Spokane Journal of Business

Post acquisition, Merriman Wealth mines for clients in Spokane

Company absorbed former Summit Capital last year

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-—Kevin Blocker
The Merriman Wealth Management team in Spokane includes, from left to right, David Martin, Lisa Burke, Andy Bloom, and Mark Metcalf. The company works out of a penthouse office on the 22nd floor of the Davenport Tower.

Traditionally, journalists haven’t been recognized as a financially savvy lot; however, one local financial adviser points to a one-time business columnist for the publication Barron’s Magazine as having helped him shape his long-term investment strategy.

Quoting business writer Alan Abelson—who died in 2013—David Martin, a financial adviser in the Spokane office of Seattle-based Merriman Wealth Management LLC in Spokane, says, “‘Do you know what investing for the long run but listening to market news every day is like? It’s like a man walking up a big hill with a yo-yo keeping his eyes fixed on the yo-yo instead of the hill.’’’

Martin says, “I can’t remember when I first heard that, but that’s always left an impression on me. That’s my philosophy. That’s Merriman’s philosophy, looking 10 years, 20 years down the road.”

Martin works with three other financial advisers—Mark Metcalf, Lisa Burke, and Andy Bloom—in a 1,400-square-foot penthouse suite on the 22nd floor of the Davenport Tower, at 111 S. Post.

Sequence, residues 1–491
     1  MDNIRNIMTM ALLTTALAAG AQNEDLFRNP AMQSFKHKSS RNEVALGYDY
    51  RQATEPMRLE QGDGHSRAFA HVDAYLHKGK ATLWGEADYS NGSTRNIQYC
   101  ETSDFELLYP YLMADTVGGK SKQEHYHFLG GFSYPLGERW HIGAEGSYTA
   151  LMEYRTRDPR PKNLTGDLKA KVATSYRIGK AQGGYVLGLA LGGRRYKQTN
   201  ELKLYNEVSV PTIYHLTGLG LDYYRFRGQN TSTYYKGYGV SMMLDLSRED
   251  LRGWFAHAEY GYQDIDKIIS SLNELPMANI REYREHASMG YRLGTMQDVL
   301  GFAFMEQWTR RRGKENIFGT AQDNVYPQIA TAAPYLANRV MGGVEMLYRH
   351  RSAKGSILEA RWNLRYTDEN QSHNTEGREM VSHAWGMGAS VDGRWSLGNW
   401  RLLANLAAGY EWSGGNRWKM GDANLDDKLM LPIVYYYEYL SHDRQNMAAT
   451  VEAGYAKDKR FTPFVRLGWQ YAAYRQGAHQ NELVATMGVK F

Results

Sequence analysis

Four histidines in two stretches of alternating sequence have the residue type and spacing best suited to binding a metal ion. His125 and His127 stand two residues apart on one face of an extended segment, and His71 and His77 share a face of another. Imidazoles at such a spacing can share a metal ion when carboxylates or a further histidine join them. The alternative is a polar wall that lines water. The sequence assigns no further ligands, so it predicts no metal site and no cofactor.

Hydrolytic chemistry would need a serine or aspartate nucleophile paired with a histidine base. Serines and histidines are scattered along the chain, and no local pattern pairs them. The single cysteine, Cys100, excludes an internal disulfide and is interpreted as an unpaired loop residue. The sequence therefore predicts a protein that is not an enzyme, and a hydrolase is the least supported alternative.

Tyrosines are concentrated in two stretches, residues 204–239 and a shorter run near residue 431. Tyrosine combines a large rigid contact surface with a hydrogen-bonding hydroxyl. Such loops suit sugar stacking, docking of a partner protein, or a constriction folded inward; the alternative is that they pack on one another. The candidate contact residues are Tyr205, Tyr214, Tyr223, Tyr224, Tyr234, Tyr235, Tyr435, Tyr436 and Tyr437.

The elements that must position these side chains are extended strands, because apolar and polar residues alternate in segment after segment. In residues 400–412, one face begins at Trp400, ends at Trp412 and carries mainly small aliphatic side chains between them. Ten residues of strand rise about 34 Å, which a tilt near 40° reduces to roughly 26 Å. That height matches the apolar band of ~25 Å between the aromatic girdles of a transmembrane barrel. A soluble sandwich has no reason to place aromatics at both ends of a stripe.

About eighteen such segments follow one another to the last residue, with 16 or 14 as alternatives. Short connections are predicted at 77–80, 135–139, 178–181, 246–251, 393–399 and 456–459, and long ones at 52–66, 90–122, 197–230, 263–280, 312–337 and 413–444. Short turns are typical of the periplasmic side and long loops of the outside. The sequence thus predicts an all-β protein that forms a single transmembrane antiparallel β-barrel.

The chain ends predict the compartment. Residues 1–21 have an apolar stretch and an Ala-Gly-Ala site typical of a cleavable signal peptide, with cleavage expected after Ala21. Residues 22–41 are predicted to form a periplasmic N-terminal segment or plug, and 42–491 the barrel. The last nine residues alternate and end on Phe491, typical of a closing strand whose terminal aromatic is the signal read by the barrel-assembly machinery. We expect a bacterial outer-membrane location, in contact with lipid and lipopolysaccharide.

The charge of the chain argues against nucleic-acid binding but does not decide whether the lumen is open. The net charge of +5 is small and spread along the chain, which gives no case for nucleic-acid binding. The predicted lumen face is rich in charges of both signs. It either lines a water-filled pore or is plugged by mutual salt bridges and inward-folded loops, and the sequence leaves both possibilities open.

“Our goal is to attempt to be a multigenerational firm,” Metcalf says.

The company historically has targeted high net-worth households with assets of $1 million or more, Martin says.

Last year, Merriman Wealth Management acquired Spokane-based Summit Capital LLC as part of a regional growth strategy. Merriman says it represents 1,900 clients and manages $2.2 billion in assets. It has clients across the county, but the majority are in the Puget Sound region, says Metcalf.

Martin and his brother, Rob Martin, merged the former Martin Investment Group of Spokane with Summit Capital Partners of Seattle in 2006 to create Summit Capital LLC, which was then acquired by Merriman.

Prior to becoming part of Merriman’s, Summit Capital had close to 400 clients, 140 of them in Spokane, and managed about $600 million in total assets. The company was founded in 1996, and Martin Investment Group started in 2002 with $28 million under management, David Martin says.

Now, David Martin is a Merriman employee, and Rob Martin, who’s in Seattle, serves as a consultant while developing his own financial advising company.

Merriman now has a total of 48 employees, including 15 principals, companywide. Merriman’s Spokane office is in the process of hiring a client services account specialist. None of the former Summit Capital employees became Merriman principals, Martin says.

The firm emphasizes a comprehensive wealth management approach that incorporates financial, retirement, insurance, estate, wealth transfer, and income tax planning, he says.

Martin moved to Spokane from Boise and earned his undergraduate degree from Gonzaga University. He says the affiliation with Merriman Wealth Management has been a positive experience.